Drug modulators of B cell signaling pathways and Epstein-Barr virus lytic activation
Kosowicz, John Glenn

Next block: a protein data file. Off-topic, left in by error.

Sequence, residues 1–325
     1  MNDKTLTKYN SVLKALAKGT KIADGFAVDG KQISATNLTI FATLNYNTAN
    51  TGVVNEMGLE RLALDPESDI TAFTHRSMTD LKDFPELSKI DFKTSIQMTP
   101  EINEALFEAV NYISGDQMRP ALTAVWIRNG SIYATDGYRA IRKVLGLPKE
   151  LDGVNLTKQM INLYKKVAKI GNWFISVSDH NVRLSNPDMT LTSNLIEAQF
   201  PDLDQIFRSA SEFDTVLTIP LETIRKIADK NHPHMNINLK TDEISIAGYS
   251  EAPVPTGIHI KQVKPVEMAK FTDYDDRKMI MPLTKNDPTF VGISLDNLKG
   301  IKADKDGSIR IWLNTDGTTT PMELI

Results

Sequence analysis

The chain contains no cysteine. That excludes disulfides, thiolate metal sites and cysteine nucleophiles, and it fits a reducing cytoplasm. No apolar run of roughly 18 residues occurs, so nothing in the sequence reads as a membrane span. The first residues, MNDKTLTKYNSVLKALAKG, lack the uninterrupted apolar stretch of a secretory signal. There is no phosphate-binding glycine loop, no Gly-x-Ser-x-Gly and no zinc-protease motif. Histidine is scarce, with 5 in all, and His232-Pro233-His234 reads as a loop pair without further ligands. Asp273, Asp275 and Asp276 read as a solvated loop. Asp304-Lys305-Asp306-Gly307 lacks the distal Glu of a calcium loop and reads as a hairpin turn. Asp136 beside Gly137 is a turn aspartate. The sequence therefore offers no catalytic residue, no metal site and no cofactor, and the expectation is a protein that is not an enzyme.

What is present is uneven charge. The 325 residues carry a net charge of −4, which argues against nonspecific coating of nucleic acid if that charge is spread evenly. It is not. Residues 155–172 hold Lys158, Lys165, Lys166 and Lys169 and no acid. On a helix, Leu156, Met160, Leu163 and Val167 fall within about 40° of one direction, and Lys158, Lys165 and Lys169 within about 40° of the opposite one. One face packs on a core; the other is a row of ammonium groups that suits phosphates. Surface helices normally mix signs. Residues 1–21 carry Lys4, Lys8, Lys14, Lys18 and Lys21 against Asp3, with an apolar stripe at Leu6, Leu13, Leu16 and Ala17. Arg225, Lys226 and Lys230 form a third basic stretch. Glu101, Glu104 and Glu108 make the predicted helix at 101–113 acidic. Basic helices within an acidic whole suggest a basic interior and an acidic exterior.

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Epstein-Barr virus (EBV) is a ubiquitous human gammaherpesvirus that establishes a latency reservoir in B cells. EBV is the causative agent for several epithelial and B cell cancers mostly in immunocompromised patients. In order to maintain a reservoir of EBV over an infected persons lifetime, EBV must periodically reactivate from latency and enter lytic replication to produce infectious virions, which go on to infect new cells. This can happen spontaneously or by stimulus, such as activating the B cell receptor (BCR) pathway. While the importance of BCR signaling in relation to EBV activation has not been described in-vivo, B cell receptor signaling may have an impact on EBV activation in patients. Some B cell malignancies are treated with drugs that inhibit the BCR pathway. Thus it is conceivable that these drugs might affect the viral reservoir maintained by basal B cell receptor signaling. Here, we show that a group of BCR signaling pathway kinase inihibitors used to treat hematologic malignancies, ibrutinib, idelalisib, and dasatinib, block BCR-mediated EBV lytic induction at clinically relevant doses. siRNA experiments where the targets of these drugs were depleted resulted in the inability of these drugs to block BCR-mediated EBV induction. We found that these drugs specifically block phosphorylation of their targets in the presence of BCR stimulation. Other lytic inducers were tested in the presence of these drugs, and none of the drugs were able to block EBV induction by the other inducers. Thus we believe that blocking BCR-mediated lytic induction by ibrutinib, idelalisib and dasatinib is specific and clinically relevant. In this work, we also confirmed that the immunosuppressive drugs cyclosporine and tacrolimus inhibit BCR-mediated lytic induction, while rapamycin does not. Rapamycin targets mTOR, which is downstream but still part of the BCR pathway. Treatment of cells with torin2, which inhibits both mTORC1 and mTORC2 prior to EBV induction via the BCR pathway shows that mTORC2 contributes to BCR-mediated lytic induction and that FKBP12 binding alone is not adequate to block activation. Additionally, we show that BCR signaling can activate EBV in freshly isolated B cells from peripheral blood mononuclear cells (PBMC) and that this activation can be inhibited by ibrutinib or idelalisib. Taken together, this work shows that ibrutinib, idelalisib and dasatinib block BCR-mediated lytic induction in a specific manner and at clinically relevant doses. While rapamycin does not block BCR-mediated lytic induction on its own, it was determined that mTORC2 plays a role in the BCR pathway and contributes to BCR-mediated lytic activation of EBV. We found that we were able to replicate this system in patient-derived PBMCs, thus suggesting that this system may be relevant in humans and could play a role in future studies on EBV maintenance in the context of long-term treatment by BCR pathway inhibitors.